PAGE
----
Whether Thea Culley will make it to the Tokyo Olympics in 2020 isn't a given but that doesn't mean the Canadian international field hockey player's passion is any less intense.
"In 2020 do I think that it's in the horizon for Canada to be in the Olympics? Yeah but whether I'll be there or not I don't know yet but I still have that big Olympic dream," says the 30-year-old striker, who has represented her ice hockey-mad country in field hockey for a decade.
What the Meralomas (Mermaids) club player knows for sure is that they will be making the most of their Hawke's Bay Cup experience when the third annual Hawke's Bay Festival of Hockey starts on Saturday.
Culley, an employee of funding charity KidSport BC, is under no illusions that the oppositions here from Saturday will be first-class ones, considering six have qualified for the Rio Olympics in June.
The Ian Rutledge-coached Canadians have been working on their "out letting" to prepare for back-to-back high-octane games in the space of a few days and that psyche is improving.
"We're starting to be dangerous but not quite consistently enough in being dangerous," she says, emphasising it's imperative to react to mistakes with productive intent and mitigate before turning the tables on their rivals.
Culley says that was the difference in their 6-0 and 5-1 losses in Hamilton to the Black Sticks last weekend.
"When we made mistakes they made sure to capitalise on them to score. They didn't muck around, they showed us where we made those mistakes."
Canada, on the other hand, coerced coach Mark Hager's women into errors but lacked the professionalism to put the goals away.
"Our inclusion into other teams' Olympic preparation must be good so we really want to make sure we prove ourselves to be worthy of the [Hawke's Bay] tournament to make our mark as an up-and-coming team."
While she may not compete at an Olympics, she will no doubt take immense satisfaction either way in knowing she has been part of a revolution to revive the halcyon days of women's hockey in her country.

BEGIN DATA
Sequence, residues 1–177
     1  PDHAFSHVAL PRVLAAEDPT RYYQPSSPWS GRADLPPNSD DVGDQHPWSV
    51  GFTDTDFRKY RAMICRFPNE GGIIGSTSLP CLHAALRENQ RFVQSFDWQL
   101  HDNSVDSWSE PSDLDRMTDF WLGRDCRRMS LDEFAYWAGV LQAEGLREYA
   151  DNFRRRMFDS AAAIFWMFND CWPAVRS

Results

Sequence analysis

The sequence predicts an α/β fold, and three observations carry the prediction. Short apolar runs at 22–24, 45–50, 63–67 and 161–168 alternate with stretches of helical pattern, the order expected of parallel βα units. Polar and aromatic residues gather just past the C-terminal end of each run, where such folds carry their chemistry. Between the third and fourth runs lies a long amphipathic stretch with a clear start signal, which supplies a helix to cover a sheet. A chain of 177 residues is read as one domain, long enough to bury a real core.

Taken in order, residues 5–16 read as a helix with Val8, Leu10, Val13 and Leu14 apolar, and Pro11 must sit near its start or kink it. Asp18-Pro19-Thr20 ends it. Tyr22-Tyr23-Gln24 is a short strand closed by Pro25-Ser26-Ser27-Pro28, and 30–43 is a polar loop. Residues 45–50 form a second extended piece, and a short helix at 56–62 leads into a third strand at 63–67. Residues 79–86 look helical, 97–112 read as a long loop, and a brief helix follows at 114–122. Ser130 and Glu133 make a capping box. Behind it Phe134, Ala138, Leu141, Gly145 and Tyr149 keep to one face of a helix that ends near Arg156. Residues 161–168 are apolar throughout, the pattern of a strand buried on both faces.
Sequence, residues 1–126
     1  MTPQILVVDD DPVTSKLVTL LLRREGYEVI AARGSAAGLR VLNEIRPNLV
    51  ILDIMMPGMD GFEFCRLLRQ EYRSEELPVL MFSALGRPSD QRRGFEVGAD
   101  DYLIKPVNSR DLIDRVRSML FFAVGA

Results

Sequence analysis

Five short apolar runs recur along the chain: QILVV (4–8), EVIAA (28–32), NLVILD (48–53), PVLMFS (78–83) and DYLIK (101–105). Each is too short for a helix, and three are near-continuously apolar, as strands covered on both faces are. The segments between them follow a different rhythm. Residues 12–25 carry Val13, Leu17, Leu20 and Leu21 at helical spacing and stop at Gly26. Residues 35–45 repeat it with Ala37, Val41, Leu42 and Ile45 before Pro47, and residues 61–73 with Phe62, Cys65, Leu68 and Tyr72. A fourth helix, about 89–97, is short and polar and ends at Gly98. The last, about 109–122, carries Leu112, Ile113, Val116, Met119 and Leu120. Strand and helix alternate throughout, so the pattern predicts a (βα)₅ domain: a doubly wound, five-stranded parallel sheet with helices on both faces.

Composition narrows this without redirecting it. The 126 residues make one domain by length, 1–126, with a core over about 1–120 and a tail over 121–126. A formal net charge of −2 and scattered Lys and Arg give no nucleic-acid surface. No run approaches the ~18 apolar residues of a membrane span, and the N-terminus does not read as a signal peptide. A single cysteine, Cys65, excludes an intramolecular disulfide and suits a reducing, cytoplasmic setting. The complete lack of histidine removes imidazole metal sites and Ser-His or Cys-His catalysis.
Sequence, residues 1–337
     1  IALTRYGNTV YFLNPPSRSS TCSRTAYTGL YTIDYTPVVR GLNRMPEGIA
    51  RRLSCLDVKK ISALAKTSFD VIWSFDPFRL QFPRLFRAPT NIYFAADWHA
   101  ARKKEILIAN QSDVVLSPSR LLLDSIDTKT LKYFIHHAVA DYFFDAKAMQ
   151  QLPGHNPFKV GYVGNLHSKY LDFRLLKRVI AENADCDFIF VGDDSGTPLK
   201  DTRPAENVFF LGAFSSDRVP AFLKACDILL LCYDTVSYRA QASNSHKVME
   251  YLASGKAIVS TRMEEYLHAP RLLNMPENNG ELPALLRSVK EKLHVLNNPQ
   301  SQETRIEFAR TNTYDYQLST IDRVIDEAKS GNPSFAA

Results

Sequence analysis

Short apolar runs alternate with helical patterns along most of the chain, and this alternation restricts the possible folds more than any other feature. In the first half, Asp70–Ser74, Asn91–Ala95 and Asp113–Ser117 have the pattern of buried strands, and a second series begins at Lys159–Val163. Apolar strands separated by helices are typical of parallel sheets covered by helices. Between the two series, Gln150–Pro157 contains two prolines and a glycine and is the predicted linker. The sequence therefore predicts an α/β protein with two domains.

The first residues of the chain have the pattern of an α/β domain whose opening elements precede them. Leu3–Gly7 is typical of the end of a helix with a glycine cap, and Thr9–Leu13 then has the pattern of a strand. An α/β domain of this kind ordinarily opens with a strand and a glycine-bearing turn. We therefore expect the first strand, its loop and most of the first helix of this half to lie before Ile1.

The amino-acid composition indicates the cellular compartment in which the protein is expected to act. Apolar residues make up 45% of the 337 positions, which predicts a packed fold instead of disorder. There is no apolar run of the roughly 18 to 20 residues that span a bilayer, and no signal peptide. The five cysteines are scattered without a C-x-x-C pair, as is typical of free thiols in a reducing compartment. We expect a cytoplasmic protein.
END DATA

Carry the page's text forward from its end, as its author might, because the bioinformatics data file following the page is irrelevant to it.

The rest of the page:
"The only way you can build a legacy is to build a strong foundation for the next generation to leap forward off it before continuing to build that platform higher and higher so if I can be part of that base or that team then it'll be amazing," she says, finding it a little difficult to think in blocks of four years. But she treats every training and match as if it's her last to draw maximum enjoyment from it.
Culley hails from Rossland in British Columbia, a city of about 3000 inhabitants nestled in the Monashee Mountains and touted as "Canada's No1 outdoor town".
"I chose field hockey because in my small town there was a high schoolteacher from New Zealand who brought the sport to our small community to start a team and it became quite a legacy," she says, revealing a former protege of the teacher eventually coached the team in a region where basketball and field hockey were the only options.
"My mum didn't want to be near the arena because I grew up in a ski town so I skied and skated so mum said, 'no, I'm not hanging out in a cold arena at early mornings every weekend' so that's how the skating started," says Culley with that infectious laughter before crediting other teammates for the ice-hockey skills that have rubbed off on the field.
The impact of ice hockey, she says, becomes evident when players go to university, especially the difference in hand-eye co-ordination, general strength and their tendency to have a better grasp of ball movement.
For someone who has scored around 80 goals in her career, Culley relishes loitering around the goalmouth to snaffle possession to find endorsement from that familiar thud of ball on the back board.
"It's always something that's been fun for me and exciting to be able to take that one touch to beat the defender."
She feels Canada bring a gritty determination in the foundation of a "fearless" philosophy.
"We are resilient and have pride in what we do," Culley said.
"We bring our team values from what ice hockey has shaped our nation to be and we take that to make it our own on the pitch."
Ice hockey still shapes the Canadian culture, Culley says, as indicative of when Vancouver shuts down to support the men's Canucks team in the National Hockey League.
"It is the sport every kid grows up playing, if you're to generalise of a country, and it's something we value and care about," she says, likening it to the impact field hockey has in the Netherlands.
The imposing presence of a centre forward in front of the net in ice hockey isn't lost on the field hockey players, who aren't shy to embrace that demeanour.
While field hockey believe they will emulate the feats of their official No1 code, Culley suspects as a young outfit they have a fair way to go yet.
"We're trying to rebuild our legacy when Canada was quite strong in the'80s and'90s so we kind of got away from that.
This team is looking at re-establishing itself on the stage as field hockey players and not just ice hockey ones on the field," she says of Canada, who have made it to the 1984 (5th place), 1988 (6th) and 1992 (7th) Olympics since making their international debut in 1978 before clinching silver and bronze medals in World Cups.
New Zealand, she says, is by far the most welcoming nation they have toured with people resplendent "in random" gestures of hospitality towards them.